no_gritzko_here (no_gritzko_here) wrote,

A story of one Wikipedia edit

Wikipedia edits per month

Recently, the topic of Wikipedia's decay stagnation got into the mainstream press, mostly thanks to the PR potential of XEROX PARC guys. The often mentioned reasons for decay are:
  1. the rules and guidelines for contributing become more and more elaborated, the learning curve worsens, occasional contributors are scared off, recruitment slows down
  2. contributions of newcomers and outsiders are often reverted by article's "shepherds" or just random passers-by, thus contributing to despair; arguing with anonymouses on the Internet is generally a miserable activity busy people try to avoid
  3. all trivial topics are already covered; due to the "no original research" policy, significant coverage in the mainstream press is necessary to prove a contribution's notability; thus, much less topics might be covered in the future
I'll tell just another embarassing story on how it works in Wikipedia:
  • On 27 Nov 2007, an anonymous with an ip address, resolving to knuth-pbdsl5.Stanford.EDU, edits Wikipedia page "Donald Knuth" to reflect Knuth's actual opinion about Wikipedia: "Knuth is a fan of Wikipedia, but he's a bit leery of the concept, saying that he would not want to have to remain forever on guard after making technically complex contributions, lest his comments be badly reedited." The comment for the edit says: "Somebody thought I was NOT a fan of Wikipedia ... I've tried to characterize my true views -- Don Knuth"
  • On 9 Sep 2008 RJFJR adds the citation-needed mark to that particular passage. RJFJR is a "veteran editor" awarded with a "gold star" (right). The fact practically guarantees that his sphere of control is even more broad than his competence.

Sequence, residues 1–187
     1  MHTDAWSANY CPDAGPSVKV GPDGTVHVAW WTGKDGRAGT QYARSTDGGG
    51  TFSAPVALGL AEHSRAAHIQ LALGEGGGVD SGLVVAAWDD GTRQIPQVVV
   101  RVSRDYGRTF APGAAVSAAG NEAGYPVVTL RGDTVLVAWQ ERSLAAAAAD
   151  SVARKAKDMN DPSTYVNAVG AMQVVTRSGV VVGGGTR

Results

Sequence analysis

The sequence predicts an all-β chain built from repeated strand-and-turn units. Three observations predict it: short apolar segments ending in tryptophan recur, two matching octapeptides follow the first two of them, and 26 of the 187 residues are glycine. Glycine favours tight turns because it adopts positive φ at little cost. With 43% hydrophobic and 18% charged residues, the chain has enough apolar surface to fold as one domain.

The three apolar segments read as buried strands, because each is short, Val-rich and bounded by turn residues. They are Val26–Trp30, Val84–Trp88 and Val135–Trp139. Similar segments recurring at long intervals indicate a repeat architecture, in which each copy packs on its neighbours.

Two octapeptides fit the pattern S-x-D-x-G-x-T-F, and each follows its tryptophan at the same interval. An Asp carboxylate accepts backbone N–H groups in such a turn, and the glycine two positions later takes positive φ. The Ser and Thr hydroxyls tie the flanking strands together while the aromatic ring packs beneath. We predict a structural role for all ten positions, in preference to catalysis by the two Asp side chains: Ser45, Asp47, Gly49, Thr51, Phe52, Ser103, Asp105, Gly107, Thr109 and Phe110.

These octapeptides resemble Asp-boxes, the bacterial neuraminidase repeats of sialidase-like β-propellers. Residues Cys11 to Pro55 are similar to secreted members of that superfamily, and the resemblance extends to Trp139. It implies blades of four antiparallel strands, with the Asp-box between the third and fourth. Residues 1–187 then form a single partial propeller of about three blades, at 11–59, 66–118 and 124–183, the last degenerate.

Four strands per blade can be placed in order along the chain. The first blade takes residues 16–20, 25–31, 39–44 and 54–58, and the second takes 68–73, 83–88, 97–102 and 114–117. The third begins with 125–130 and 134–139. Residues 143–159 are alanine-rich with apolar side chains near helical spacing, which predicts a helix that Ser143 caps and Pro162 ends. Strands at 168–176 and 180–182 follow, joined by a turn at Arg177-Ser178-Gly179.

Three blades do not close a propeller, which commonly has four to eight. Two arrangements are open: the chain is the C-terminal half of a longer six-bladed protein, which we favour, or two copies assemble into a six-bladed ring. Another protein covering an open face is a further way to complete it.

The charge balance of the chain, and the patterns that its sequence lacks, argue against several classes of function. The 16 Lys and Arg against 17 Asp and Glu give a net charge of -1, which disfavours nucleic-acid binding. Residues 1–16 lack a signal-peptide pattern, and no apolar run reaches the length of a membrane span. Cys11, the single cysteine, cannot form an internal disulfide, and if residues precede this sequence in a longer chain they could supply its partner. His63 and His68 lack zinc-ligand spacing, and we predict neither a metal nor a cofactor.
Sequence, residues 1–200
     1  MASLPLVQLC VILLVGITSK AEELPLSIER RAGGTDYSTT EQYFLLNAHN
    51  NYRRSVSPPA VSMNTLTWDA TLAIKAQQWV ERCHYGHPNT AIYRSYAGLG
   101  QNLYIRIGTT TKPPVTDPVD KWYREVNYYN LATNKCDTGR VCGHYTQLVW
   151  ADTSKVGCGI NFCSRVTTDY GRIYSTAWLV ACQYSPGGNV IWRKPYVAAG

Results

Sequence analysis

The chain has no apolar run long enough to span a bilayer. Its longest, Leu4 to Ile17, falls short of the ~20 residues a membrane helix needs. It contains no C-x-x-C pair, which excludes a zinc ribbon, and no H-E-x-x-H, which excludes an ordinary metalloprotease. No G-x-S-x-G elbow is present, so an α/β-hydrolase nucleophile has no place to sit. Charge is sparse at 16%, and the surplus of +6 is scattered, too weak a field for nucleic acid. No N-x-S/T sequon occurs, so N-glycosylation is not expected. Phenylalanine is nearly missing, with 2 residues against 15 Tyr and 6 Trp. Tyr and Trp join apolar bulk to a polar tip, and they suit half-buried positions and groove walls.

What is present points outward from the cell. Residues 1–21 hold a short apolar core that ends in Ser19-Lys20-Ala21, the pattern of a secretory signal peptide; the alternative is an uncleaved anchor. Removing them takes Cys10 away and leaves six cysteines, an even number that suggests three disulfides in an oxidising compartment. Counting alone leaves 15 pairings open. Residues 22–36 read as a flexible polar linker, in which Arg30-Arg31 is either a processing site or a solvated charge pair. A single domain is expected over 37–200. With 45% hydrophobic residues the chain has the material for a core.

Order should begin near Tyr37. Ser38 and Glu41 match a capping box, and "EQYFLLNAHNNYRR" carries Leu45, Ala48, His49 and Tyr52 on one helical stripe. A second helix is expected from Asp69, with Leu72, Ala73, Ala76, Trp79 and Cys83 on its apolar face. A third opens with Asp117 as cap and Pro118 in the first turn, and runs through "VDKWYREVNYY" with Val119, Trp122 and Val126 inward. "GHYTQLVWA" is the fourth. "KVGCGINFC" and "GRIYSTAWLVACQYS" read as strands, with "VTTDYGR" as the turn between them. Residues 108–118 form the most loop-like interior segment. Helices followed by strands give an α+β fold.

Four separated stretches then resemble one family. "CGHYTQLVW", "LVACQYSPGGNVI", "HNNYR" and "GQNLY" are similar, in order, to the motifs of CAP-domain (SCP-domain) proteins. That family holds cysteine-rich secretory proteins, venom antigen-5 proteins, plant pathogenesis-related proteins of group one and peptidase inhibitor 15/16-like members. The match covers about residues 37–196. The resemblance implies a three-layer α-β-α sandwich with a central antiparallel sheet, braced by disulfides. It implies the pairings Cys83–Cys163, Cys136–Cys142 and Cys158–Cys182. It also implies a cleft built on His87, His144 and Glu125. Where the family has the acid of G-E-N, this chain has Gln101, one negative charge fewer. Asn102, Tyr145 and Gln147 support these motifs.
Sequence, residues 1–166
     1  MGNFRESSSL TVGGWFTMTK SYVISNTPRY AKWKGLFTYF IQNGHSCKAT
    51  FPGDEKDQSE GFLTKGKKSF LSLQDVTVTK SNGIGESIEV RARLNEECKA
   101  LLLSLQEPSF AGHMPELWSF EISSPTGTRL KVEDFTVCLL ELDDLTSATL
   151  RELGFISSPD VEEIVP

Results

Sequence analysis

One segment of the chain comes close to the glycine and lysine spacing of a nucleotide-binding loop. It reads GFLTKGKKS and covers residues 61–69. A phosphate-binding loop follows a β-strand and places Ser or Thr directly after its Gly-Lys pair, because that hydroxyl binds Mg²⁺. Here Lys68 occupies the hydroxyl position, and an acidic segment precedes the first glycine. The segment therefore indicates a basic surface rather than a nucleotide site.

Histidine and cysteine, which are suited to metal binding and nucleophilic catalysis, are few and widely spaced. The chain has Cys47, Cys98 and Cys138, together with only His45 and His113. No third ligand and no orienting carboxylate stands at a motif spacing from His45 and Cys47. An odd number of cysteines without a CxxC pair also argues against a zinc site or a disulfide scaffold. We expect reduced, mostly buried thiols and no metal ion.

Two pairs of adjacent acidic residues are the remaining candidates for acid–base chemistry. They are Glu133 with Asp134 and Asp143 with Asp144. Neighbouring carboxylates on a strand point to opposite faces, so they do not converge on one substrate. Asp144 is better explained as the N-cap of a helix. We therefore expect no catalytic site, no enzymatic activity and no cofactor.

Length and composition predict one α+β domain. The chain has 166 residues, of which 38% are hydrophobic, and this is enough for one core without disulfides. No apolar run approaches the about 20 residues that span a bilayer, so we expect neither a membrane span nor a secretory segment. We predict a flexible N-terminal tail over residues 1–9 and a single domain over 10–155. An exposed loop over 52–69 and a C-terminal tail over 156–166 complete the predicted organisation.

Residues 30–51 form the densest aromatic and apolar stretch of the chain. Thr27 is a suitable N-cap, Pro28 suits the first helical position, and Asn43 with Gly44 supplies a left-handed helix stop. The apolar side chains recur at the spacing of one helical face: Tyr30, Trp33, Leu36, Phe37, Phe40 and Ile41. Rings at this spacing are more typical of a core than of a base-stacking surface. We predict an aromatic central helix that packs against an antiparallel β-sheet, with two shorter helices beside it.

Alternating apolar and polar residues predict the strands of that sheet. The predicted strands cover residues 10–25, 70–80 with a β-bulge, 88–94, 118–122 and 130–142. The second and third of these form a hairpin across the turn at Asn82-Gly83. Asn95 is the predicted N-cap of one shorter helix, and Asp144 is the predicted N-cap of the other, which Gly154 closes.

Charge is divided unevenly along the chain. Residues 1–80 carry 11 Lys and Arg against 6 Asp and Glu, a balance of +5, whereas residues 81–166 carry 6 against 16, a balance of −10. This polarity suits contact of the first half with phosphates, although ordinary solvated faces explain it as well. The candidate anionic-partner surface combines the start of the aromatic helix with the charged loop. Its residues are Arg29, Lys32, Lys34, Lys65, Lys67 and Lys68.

• On 29 Dec 2008 the "uncited claim" is entirely removed by Staecker, one of mid-level administrators. Happy Christmas!

The story is hardly an improbable coincidence. It is more like a predictable outcome of very simple basic rules. The perfect fact delivered right from the ultimate source on that particular topic was washed away, in fact, because it lacked press coverage. on entirely different unexpected reason. Thus, all three mentioned reasons for Wikipedia's decay slowdown are clearly illustrated by this little story.

P.S. 16:32  Check the comments; the story is even more interesting, as it turns out. The passage was marked as uncited, but it was deleted on another reason, namely the "self-reference" policy. P.P.S. 18:20 As it turns out, much more dramatic episodes happened in the past.
P.P.P.S. 18:40 Regarding the "Story is incorrect" argument by gort at HackerNews. The fact the passage was deleted because of "self-reference" even before it could be possibly deleted because of "uncitedness" only makes the point stronger: given that level of complication, it is absolutely no surprise that the growth has leveled off. But instead of the point #3 it puts an accent on points #1 and #2.

P.P.P.S. 23 Nov 2009. The fact of Wikipedia's decline is no longer controversial fearmongering; proven by stats, it hits the mainstream press
P.P.P.P.S. 11 Apr 2011. Wikimedia finally recognizes the obvious.
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